Here’s another funny Microsoft video – this one dissing Gmail:

Vote for Winhost!

We wanted to let you know that Winhost has been nominated in the category of Best Hosting Service in the 2011 DevProConnections Community Choice Awards. That’s kind of a big deal for us, as we’re up against some big-name, established hosts.

Want to help us give them a run for their money? Vote!

We’re listed in the “Hosting Service” category, #13. Please take a minute out of your day to pull the virtual lever for Winhost and make the big boys sit up and say, “Hey, who is that?

Thanks for your time, your support, and most of all, thanks for using Winhost!

Phishing for Tweets

A recent Twitter virus has re-surfaced, and we were sent the link via a direct message on Twitter:

@jkruessel to Winhost dm: Someone is posting a pic of you all over twitter ;( link2pic here http://no.thanks/yZkg
August 24, 2011 at 11:37 AM

Don’t let the bad guys hook you!


Clicking that link (which we’ve changed, of course) takes you to a Twitter login page that is really a phishing site. Once the bad guys have your Twitter login, they use it to phish in more of your friends and contacts and spam moneymaking schemes all over Twitter.

We’re all used to being cautious where email attachments and links are concerned, but these newer social media exploits rely on people being less suspicious of links that show up via Twitter or Facebook. But of course you should still be wary when clicking any link that comes to you out of the blue, especially when it’s been cloaked using a URL shortening service. One way to check on such links is to use a site like, which shows you the real URL behind the shortened version.

Since we’re talking about Twitter, be sure to follow @Winhost. We’ll never steer you wrong!

Open sesame


We have a lot of discussions and meetings about security. Not only back-end network security, but security of the customer interface, and security policies as far as communicating with customers.

If you have ever locked yourself out of an online account because you forgot a username or password, you know what a frustrating experience it can be to try to get that access back. At Winhost we have a system in place that is email and temporary password based, so you can usually regain access to your account without even contacting us. In the event that fails, you can always contact the billing department and provide the answer to your security question to regain access.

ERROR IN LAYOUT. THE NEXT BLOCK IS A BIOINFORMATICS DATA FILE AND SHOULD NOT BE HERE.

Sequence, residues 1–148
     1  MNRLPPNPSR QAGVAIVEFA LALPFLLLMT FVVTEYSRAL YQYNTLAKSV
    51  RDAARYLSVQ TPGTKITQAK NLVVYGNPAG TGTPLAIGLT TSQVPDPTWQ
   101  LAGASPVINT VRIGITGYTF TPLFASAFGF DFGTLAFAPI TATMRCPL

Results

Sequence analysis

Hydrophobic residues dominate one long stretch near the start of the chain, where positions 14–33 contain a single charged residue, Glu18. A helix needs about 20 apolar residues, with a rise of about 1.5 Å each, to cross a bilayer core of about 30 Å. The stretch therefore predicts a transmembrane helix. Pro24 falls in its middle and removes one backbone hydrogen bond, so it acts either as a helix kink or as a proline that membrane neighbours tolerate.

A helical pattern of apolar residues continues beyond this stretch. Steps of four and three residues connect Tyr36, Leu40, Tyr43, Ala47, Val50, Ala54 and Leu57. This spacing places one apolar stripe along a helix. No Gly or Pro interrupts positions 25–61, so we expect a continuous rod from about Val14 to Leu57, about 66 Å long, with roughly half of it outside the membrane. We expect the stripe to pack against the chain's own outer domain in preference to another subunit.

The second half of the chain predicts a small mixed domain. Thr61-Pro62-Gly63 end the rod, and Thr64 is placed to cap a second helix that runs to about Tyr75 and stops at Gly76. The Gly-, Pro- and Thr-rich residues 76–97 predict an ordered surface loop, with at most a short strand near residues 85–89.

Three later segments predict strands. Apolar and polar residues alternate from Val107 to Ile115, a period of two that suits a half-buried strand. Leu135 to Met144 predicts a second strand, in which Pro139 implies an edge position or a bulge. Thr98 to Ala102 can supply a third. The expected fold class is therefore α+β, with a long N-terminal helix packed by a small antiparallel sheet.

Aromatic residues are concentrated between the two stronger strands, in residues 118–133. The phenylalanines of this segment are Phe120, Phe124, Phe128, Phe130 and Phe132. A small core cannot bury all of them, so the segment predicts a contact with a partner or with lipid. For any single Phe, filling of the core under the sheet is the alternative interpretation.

We are working on extending the authentication system even further to include a second security question. The meeting about that was interesting because there were as many different opinions on security as there were people in the room, and a common question becomes how much security is too much?

And like everyone in that meeting, every one of our customers also has a different idea of “perfect” security. The thing is, you cannot design and build a system that accommodates everyone’s idea of perfect security. It would have so many barriers to entry that it would be unusable. So we have to design systems that meet most people’s needs. Which means some people will find flaws with it…

“Why don’t you require a password change every thirty days for Control Panel?”

“Why can’t I enter a 255 character password?”

“Send me my login information, but do NOT send my username via email!”

“Can I register my retina scan with you, and then you don’t allow access to my account unless it is accompanied by a live retina scan that matches the retina scan that you have registered? Oh, and I’ll register a new retina scan with you every seven days. Please? Why not?!”

Okay, I made the last one up. But we’ve heard all the others. Some more than once.

We take security very seriously, but there is a line somewhere between ultra-strict security and usability, and we have to straddle that line to provide a usable service to a large number of people. That isn’t to say our security isn’t strict – I won’t bore you with our multitude of internal security policies regarding customer data and information – but we hope we provide a secure, yet user-friendly, experience.

And whatever you do, don’t make your account password, “password.” Okay? Really, just don’t do it.